Traveling boosts mental health in many ways and allows you to not only stretch out your comfort zones, but be more creative and expand your skills and capacities. It’s a widely known fact that travel helps you relax and is good for your immune system. Now, psychologists discovered it boosts mental health and found many more blessings that come with every trip you take. There’s no doubt traveling can shape your character, help you discover and rediscover truths about yourself. Find out how the very act of exploring the world not only feels right, but actually helps boost your mental health.
Gain perspective. Literally.
Visiting another location is an eye-opener. You dive into interesting history and culture, you communicate and learn to be more open-minded. What is interesting is that geographic distance leads to improved problem solving. Experimental studies have shown that when people are told the creative generation problem solving task was developed in an overseas country, they come up with a higher number of possible solutions to the problem.
Johan Lehrer (American author, journalist, blogger and speaker who writes on the topics of psychology, neuroscience) explains that because the source of the problem is far away, we feel less constrained by our local assumptions. Our thinking gets more expansive and less limited. We think more abstractly and fluidly and are far less tied to stereotypical assumptions.
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Traveling also serves as a reprieve for the mind and it actually expands it as we travel.
Sarah Jensen (a travel consultant) says that traveling allows the mind to expand and literally see the world in a new and different way. When we try new things when traveling we develop more fluid and expansive self-concepts. That means we discover or rediscover the truths – trying new things leads to thoughts that if we are capable to do one thing, we can try out other things, too. What we’re essentially doing is getting rid of our limiting beliefs- the subconscious layer of thoughts that is preventing us from acheiving our goals. They were formed somewhere along the line when we were told or thought that something is impossible or that we don’t have the capacity to achieve it. Traveling to Third World Countries is especially effective in clearing them. The moment you see how people are capable of achieving so much with so little resources, you become empowered and perceive first world problems the way they should be perceived- as miniscule.
In a way it is also about surprising ourselves. Traveling also works as a great therapeutic tool – we develop new skills and capacities. From navigation skills, to overcoming our lifelong fears. This form of behavioural exposition is widely practiced in CBT (cognitive behavioural therapy). Although every form of professional therapies should be performed under a specialists eye, the very act of confronting our fears works miracles. When we travel we get more accustomed to doing new and unfamiliar things. Had those opportunities come up at home, we would be more likely to automatically go into avoidant coping mode and simply say rebuff them.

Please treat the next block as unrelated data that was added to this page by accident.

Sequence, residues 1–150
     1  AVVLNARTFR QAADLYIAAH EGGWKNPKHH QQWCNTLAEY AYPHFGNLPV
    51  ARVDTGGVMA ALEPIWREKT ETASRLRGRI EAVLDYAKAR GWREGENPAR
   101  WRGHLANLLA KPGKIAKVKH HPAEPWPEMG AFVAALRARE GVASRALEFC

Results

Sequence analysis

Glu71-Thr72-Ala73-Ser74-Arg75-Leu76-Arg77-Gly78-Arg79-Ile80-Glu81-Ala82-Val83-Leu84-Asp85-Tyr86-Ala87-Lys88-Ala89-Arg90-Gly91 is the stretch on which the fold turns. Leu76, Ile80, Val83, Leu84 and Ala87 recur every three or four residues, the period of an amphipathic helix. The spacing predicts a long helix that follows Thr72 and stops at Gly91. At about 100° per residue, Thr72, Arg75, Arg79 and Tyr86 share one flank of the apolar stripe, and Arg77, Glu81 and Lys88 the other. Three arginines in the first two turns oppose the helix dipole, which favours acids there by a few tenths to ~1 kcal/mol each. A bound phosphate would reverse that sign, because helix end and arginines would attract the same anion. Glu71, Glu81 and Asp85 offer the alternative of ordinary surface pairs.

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Traveling also calls for flexibility
Even if you plan your trip to a T, there’s always an unpredictable component in the nature of exploration. Changes and detours must be acknowledged and accommodated. Travel trains you in quick adaptation- and that is a way virtue that goes a long way in life.
Traveling also means exploring your own interests as you learn more about the things that amaze, thrill or simply make you laugh. All combined, it gives you a strong sense of self – you know what you like and you are expressing your authentic self by doing it! It can give you a sense that you’re heading in the right direction in your life pursuing your values and goals.
Seeing things in a “proper perspective” is another valuable benefit of traveling.
As mentioned before, when we view others in similar or worse situations, we tend to realise that our problems are no longer as daunting as we thought. That itself helps in reducing any stress or depression that may have haunted us. Surprisingly enough even language barriers, where communicating your needs could be challenging can, in actual fact, be beneficiary. We must learn to be patient and…again, more creative. A quality that vacationing enforces.
The experiences of meeting all kinds of people demonstrate that we aren’t as different from each other as we may presume. Despite the fact, that sometimes tasks as trivial as ordering water may seem impossible. It turns out whether a little bit different, or a lot different, English-speaking or not, expensive or inexpensive, the world is populated by people who want pretty much the same things. And those simple things can be rediscovered only far away from home, office and the everyday hedonistic treadmill.
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Travel disrupts your assumptions and habitual patterns, it broadens the mind and encourages growth. It is a basic human desire. We’re a migratory species and it’s time to realise that pleasure is not the only consolation of travel. Getting away – and it doesn’t even matter where you’re going – is an essential habit of effective thinking. We travel because we need to – distance and difference are the secret tonic of creativity. And even when we get back home – it is still the same. It is something in our mind that has been changed. Trust me – it changes everything.
With all the new evidence which proves that jumping on a plane will not only make you smarter, but more open-minded and creative, it seems there’s no time to waste before you sail away. But before you do, you might want to check out Radek’s recent post on respecting cultural differences and staying open-minded. Make sure to also read about the simple ways to stretch out your comfort zone.